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Celebrating World Migratory Bird Day with a Swift Sussex Nature Hero

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This week the Booth Museum of Natural History continues its series of interviews with the Nature Heroes of Sussex. Today, we are celebrating the forthcoming World Migratory Bird Day with an interview from Jack Thompson, Conservation Officer for RSPB Brighton. Jack is also a supporter of the Brighton & Hove Swift Group which protects Sussex’s most iconic summer migratory bird.

Nature Heroes are the people who work tirelessly to help protect wildlife and connect people to nature within our area; within the Brighton & Lewes Downs Biosphere or the South Downs National Park – and sometimes both. Each week, we focus on a different Nature Hero to highlight the projects they have worked on and find out how they have had a positive impact on our environment. We also asked them for some friendly advice on how we can all do our bit to help wildlife in Sussex, during and after lockdown.

Swift (Apus apus) in nest, photo copyright Alain Georgy

Common swift, Apus apus, in nest © Alain Georgy

Jack Thompson, RSPB Brighton Conservation Officer

Jack Thompson is a Conservation Officer at the Royal Society for the Protection of Birds (RSPB). His work includes representing the RSPB in off-reserve conservation work, particularly involving heathland habitat and common swifts (Apus apus). His drive is to try and empower the public to help their local wildlife, as our connection to nature runs so deeply in our culture, history, economics, and emotions, the best way we can save nature is through people, and in turn, nature will help us.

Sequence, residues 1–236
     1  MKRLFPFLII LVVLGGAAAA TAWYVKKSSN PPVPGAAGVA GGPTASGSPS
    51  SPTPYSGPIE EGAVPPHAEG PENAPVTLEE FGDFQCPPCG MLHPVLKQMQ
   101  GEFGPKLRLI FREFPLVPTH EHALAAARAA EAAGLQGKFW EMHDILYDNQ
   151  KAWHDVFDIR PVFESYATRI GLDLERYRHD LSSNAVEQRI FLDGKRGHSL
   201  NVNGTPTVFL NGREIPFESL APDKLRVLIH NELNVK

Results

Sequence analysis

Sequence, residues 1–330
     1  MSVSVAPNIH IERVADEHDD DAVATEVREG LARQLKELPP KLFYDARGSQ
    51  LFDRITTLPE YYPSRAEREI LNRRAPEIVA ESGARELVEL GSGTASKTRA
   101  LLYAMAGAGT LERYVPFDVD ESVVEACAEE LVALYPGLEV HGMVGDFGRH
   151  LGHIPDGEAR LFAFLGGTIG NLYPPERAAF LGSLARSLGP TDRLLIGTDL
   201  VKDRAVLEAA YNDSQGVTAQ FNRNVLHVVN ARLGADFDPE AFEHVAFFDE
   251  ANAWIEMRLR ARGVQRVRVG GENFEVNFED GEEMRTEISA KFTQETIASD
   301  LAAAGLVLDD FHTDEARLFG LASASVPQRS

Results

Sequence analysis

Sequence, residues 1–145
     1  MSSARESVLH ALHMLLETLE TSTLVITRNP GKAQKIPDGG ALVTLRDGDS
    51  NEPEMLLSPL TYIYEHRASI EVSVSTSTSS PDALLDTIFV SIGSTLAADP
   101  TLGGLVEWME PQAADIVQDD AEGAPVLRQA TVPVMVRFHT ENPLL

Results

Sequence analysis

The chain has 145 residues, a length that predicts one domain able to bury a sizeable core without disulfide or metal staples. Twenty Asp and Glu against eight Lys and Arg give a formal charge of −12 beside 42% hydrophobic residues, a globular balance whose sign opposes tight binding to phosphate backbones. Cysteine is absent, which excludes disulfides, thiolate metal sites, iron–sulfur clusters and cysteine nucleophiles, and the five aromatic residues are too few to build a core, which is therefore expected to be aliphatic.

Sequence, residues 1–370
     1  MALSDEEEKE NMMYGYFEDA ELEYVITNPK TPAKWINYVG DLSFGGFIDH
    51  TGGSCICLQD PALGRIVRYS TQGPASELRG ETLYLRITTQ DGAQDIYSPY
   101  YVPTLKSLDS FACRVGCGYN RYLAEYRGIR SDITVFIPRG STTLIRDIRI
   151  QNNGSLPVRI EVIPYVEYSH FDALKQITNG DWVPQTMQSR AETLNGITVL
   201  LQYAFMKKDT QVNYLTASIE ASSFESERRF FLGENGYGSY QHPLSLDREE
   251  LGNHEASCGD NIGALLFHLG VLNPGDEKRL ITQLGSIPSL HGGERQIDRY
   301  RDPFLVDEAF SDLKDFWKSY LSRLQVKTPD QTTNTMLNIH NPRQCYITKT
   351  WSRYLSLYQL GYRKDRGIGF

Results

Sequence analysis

What do you love about the wildlife in Sussex?

I think what I love most about Sussex is the range of biodiversity that you can find over a relatively small area. The topography of the landscape with the rolling South Downs running through Sussex lends the land to having a real diversity in its soil and sunlight, which creates these pockets of amazingly diverse plants and animals. You don’t have to travel far out of Brighton to enter the chalk grasslands of the South Downs, and from there a walk west will take you past the Adur and into the Arun Valley; wetlands galore! To the north-east of Brighton you’ll find yourself in the middle of the Ashdown Forest, a beautiful landscape of heathland with as much cultural, historical, and ecological value as there is beauty. Head a little bit east from the city and the famous Seven Sisters will appear; these chalk cliffs being home to some amazing seabirds such as fulmar and kittiwake. And then in the far west you come to the Manhood Peninsula, home to some incredible waders and seasonal guests in the form of our dainty little terns on our shingle beaches. Sussex has so much to offer, and each of the areas have so much to explore.

Northern fulmar, Fulmarusg Glacialis, Frédéric CLOITRE CC BY-SA 4.0

Northern fulmar, Fulmarus glacialis, Frédéric CLOITRE CC BY-SA 4.0

What wildlife project have you worked on in Sussex that you feel has made the most difference to wildlife?